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Full Speed Validation for Mobile IP

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Emulation has become a critical component of system design, allowing hardware and software development and debug to proceed in parallel. For peripheral subsystems, the host and it’s associated …

Emulation has become a critical component of system design, allowing hardware and software development and debug to proceed in parallel. For peripheral subsystems, the host and it’s associated application stack communicate with a device and driver. And increasingly a high-speed serial link is involved. This is the point where emulation must be complemented with
hardware validation.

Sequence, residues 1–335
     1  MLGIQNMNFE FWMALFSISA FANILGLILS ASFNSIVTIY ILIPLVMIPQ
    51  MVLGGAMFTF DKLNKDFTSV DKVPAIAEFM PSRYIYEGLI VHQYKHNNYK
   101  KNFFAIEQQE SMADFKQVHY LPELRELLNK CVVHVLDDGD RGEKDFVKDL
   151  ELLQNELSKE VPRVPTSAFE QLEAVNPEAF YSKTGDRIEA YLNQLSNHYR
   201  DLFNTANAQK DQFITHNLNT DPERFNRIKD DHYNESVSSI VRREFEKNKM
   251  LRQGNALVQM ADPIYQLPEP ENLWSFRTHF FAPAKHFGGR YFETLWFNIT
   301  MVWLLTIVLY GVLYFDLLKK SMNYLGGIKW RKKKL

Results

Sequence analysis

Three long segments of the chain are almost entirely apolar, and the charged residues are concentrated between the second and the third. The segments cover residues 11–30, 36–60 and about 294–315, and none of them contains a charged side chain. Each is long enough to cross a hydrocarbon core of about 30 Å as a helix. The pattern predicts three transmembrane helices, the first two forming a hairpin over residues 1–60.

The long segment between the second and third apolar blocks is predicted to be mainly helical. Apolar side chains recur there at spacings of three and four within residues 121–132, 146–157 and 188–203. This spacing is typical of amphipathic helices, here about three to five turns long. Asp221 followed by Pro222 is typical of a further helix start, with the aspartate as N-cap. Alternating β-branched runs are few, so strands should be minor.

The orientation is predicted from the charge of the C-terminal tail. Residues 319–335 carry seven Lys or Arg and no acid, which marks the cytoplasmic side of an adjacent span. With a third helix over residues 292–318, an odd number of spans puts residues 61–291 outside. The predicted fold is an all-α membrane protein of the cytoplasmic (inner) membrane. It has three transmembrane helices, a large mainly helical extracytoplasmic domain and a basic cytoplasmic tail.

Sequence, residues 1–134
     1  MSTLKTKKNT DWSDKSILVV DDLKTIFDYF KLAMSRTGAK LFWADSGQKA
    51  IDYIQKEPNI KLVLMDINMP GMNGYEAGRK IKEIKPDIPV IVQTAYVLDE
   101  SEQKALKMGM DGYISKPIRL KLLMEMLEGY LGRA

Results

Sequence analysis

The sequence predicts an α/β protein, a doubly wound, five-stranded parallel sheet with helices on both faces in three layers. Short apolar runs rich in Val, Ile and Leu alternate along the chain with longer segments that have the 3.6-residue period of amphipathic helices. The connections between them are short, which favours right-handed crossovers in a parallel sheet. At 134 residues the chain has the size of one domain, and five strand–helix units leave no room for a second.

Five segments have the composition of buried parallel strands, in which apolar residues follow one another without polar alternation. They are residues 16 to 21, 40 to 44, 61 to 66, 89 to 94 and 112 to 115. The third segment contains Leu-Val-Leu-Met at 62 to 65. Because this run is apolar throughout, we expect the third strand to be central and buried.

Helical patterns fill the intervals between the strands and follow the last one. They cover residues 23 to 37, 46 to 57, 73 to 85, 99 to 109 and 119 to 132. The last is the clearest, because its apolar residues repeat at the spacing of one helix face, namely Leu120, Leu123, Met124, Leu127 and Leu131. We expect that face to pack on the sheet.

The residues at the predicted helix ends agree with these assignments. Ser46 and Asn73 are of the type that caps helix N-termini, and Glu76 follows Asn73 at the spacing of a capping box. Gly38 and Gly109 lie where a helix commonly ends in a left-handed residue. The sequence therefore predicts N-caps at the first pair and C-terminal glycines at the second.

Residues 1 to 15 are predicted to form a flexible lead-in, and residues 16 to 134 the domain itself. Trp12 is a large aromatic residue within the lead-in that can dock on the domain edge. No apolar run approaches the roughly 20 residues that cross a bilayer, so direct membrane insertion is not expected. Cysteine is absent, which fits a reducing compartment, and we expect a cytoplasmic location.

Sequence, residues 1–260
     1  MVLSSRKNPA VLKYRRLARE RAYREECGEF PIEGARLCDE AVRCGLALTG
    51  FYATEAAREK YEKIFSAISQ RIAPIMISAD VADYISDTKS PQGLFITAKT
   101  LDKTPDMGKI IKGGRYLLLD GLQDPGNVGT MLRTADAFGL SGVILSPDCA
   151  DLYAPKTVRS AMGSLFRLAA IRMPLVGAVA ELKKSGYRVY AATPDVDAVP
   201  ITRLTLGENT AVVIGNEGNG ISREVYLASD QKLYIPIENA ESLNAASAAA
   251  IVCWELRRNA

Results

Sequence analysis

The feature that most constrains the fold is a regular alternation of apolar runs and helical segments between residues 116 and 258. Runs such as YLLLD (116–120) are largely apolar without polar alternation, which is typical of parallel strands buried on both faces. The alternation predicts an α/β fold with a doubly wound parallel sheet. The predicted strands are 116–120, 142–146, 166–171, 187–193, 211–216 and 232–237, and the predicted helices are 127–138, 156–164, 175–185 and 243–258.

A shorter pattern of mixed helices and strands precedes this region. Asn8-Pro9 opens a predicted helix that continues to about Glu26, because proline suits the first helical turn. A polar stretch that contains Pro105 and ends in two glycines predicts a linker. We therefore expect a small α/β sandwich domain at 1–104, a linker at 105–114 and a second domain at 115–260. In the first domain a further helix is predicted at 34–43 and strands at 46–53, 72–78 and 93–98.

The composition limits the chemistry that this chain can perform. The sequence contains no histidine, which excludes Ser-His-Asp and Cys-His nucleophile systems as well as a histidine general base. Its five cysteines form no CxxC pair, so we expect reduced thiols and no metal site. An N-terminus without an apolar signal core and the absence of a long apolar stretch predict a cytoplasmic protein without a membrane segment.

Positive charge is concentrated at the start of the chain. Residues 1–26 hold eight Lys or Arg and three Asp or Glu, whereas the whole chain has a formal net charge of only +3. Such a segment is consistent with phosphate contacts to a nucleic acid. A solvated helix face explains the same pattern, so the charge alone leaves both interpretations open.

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  • 1. White Paper Full  Speed  Validation  Platform  for  Mobile  IP By Andrew Haines, World Wide VP Marketing Copyright Arasan Chip Systems, Inc. 2013 Executive Summary Mobile systems rely on a large number of complex IP functions for memory and peripherals subsystems. To enable rapid adoption of digital IP into customer silicon, most design IP vendors offer synthesizable RTL source, synthesis scripts, and verification IP. For analog and mixed-signal IP, most vendors offer a complete physical design package, along with chip integration guidelines. These deliverables address design integration and functional verification, however, for evolving standards there are other gaps that early adopters must fill to realize the competitive advantage of right-the-first-time development with the shortest time to market. Emulation has become a critical component of system design, allowing hardware and software development and debug to proceed in parallel. For peripheral subsystems, the host and it’s associated application stack communicate with a device and driver. And increasingly a high-speed serial link is involved. This is the point where emulation must be complemented with hardware validation.